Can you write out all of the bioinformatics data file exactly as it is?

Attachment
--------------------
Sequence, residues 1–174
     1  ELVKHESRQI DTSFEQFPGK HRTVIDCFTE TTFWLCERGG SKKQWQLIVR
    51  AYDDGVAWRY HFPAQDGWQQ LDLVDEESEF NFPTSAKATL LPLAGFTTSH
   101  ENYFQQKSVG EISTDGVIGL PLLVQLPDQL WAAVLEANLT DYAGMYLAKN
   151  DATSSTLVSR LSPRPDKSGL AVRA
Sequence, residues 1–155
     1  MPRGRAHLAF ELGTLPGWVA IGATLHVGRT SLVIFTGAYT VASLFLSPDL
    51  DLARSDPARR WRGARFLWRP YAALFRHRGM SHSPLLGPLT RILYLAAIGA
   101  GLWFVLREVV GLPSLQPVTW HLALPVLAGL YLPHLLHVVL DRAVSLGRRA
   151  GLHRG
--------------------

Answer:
Sequence, residues 1–174
     1  ELVKHESRQI DTSFEQFPGK HRTVIDCFTE TTFWLCERGG SKKQWQLIVR
    51  AYDDGVAWRY HFPAQDGWQQ LDLVDEESEF NFPTSAKATL LPLAGFTTSH
   101  ENYFQQKSVG EISTDGVIGL PLLVQLPDQL WAAVLEANLT DYAGMYLAKN
   151  DATSSTLVSR LSPRPDKSGL AVRA
Sequence, residues 1–155
     1  MPRGRAHLAF ELGTLPGWVA IGATLHVGRT SLVIFTGAYT VASLFLSPDL
    51  DLARSDPARR WRGARFLWRP YAALFRHRGM SHSPLLGPLT RILYLAAIGA
   101  GLWFVLREVV GLPSLQPVTW HLALPVLAGL YLPHLLHVVL DRAVSLGRRA
   151  GLHRG